Experiments - Advanced Physical Laboratory

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Experiments during Sommersemester 2019

Assistant: Hun-ho, Kim
Institute: MPI-FKF
Room: 7A5
Tel.: 689-1704
E-Mail: hh.kim (at) fkf.mpg.de

Experiment:
Room: 1.570    Tel.: 64849

A better understanding of material properties allows us to manipulate them and create new compounds with better electronic, mechanic and optical properties. However such an understanding requires the knowledge of the detailed structure of the materials, because without this knowledge one is as lost as in unknown territory without a map. With X-ray diffraction structural parameters of crystalline materials can be determined with high precision. In this experiment the basic principles of X-ray diffraction are developed. For this purpose in the first part of the experiment the properties of X-rays and their absorption characteristics are investigated with an X-ray apparatus. In the second part the structural properties and parameters of single crystals and crystalline powder are determined with X-ray diffraction.

Key words:
Generation and absorption of X-rays, crystalline structure, lattice, reciprocal lattice, Bragg reflection, Laue equations, Debye-Scherrer diagrams, X-ray tubes, counter tube

Assistant: Gideok Kim
Institute: MPI-FKF
Room:
Tel.:
E-Mail: G.Kim (at) fkf.mpg.de

Experiment:
Room: 1.535    Tel.:

When light hits matter it gets scattered. Mostly this happens in form of elastics scattering (Rayleigh scattering), where the molecule almost instantly reemits the entire absorbed photon energy with the same frequency. However the excited molecule can absorb (or emit) a (small) part of the photon energy e.g. as molecular vibrations and emit light with a smaller (or larger) frequency. This is called Raman-scattering. The Raman spectrum is characteristic for each molecule and each crystal. From the energy difference to the incident light and the polarization degree of the scattered light and with the help of group theory one can gain informtation on the atomic structure of the samples. The selection rules for Raman- and IR spectroscopy differ in a way that both methods complement each other very well. In the experiment the Raman spectra of CHCl3, CHBr3, CdCl3 und CdBr3 are measured. In the setup the light from a HeNe-Laser scattered off the sample is analyzed with a spectrometer. For the evaluation the measured Raman spectra are compared for these molecules with group theory and assigned to their corresponding group. The Boltzmannn contstant is determined from the intensity ratio between Stokes- and Antistokes lines. Keywords: Raman transitions (Stokes and Antistokes), vibrational spectroscopy, group theory of simple symmetries

Assistant: Padma Radhakrishnan
Institute: MPI-FKF
Room: 7D11
Tel.: 689-1753
E-Mail: P.Radhakrishnan (at) fkf.mpg.de

Experiment:
Room: 1.936    Tel.: 64863

Assistant: Qingyu He
Institute: MPI-FKF
Room: 2W28
Tel.: 689-5228
E-Mail: Q.He (at) fkf.mpg.de

Experiment:
Room: 1.905    Tel.: 64869

Assistant: Ullmann, Til
Institute: IGVP
Room:
Tel.: 62171
E-Mail: til.ullmann (at) igvp.uni-stuttgart.de

Experiment:
Room: PI 218    Tel.: 2480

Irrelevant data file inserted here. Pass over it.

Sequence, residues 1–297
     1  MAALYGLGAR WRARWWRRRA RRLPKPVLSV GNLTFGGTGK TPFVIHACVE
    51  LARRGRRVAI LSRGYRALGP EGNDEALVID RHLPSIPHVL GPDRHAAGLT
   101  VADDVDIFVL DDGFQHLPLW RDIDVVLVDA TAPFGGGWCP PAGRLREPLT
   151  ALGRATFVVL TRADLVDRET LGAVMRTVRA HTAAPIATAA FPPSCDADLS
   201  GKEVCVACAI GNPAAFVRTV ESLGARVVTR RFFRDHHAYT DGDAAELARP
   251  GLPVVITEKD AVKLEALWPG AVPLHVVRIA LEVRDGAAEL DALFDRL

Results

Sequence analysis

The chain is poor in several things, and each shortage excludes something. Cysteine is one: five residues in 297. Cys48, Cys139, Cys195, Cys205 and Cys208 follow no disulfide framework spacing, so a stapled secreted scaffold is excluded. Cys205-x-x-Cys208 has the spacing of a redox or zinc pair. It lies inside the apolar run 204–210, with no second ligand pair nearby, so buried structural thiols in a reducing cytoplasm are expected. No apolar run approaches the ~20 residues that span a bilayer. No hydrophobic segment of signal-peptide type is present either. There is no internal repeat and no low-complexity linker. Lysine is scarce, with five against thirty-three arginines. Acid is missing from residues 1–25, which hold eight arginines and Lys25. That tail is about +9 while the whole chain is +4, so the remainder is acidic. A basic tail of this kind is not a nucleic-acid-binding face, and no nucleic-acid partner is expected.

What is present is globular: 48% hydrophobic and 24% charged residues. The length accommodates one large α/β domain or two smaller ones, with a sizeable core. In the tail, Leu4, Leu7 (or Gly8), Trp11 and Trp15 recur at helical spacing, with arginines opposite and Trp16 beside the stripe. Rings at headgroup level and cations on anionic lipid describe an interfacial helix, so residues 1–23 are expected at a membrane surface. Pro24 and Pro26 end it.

Over 99% of visible matter in the universe exists in plasma state. On earth natural occurring plasmas are only found in the upper layers of our atmosphere or in natural lightnings. First since the 1920s the research group of Irving Langmuir has devoted themselves to the scientific investigation of plasmas that were generated in the laboratory. Langmuir coined the term “plasma”. In this experiment the work with one of the most important diagnostic tools in plasma physics, the Langmuir-probe, is learned. Two different types of probes are used, the single and the double probe, in order to study the plasma parameters of a glow discharge dependent on different discharge parameters. With the Langmuir-probe a number of fundamental properties of a plasma that distinguish it from the other states of matter can be illustrated.

Assistant: Gaurav Gardi
Institute: MPI-IS
Room:
Tel.:
E-Mail: gardi (at) is.mpg.de

Experiment:
Room: 1.519    Tel.: 64813

Today nuclear magnetic resonance (NMR) is one of the most important spectroscopic methods in physics, chemistry, biology and medicine. It provides information about the electronic environment of single atoms and their interactions with neighbouring atoms. This information allows the analysis of the structure and dynamic of the sample. The measuring principle of cw- and pulsed NMR is shown with a simple spectrometer. The characteristic values T1 (spin-lattice relaxation time) and T2 (spin-spin relaxation time) are determined for selected samples.
Key words:
classical and quantum mechanical description of nuclear magnetic resonance, pulse-NMR (rotating coordinate system, FID, spin echo, pulse sequences), measurement of T1 and T2 (spin-spin relaxation, spin-lattice relaxation)

Assistant: Swaathi Upendar
Institute: 4PI
Room: 4-509
Tel.: 60510
E-Mail: s.upendar (at) pi4.uni-stuttgart.de

Experiment:
Room: 1.921    Tel.: 64876

Noise ultimately determines the sensitivity limit in all physical measurements. There is no measuring system that is free of statistical fluctuations. In measurements of current and voltage this fluctuations originate from the finite size of the elementary electric charge (shot noise) or the thermal motion of the charge carriers (thermal noise). An exact noise analysis thus allows the precise measurement of the elementary electric charge e- and the Boltzmann constant kB. Therefore in this experiment noise itself is the investigated signal.

     

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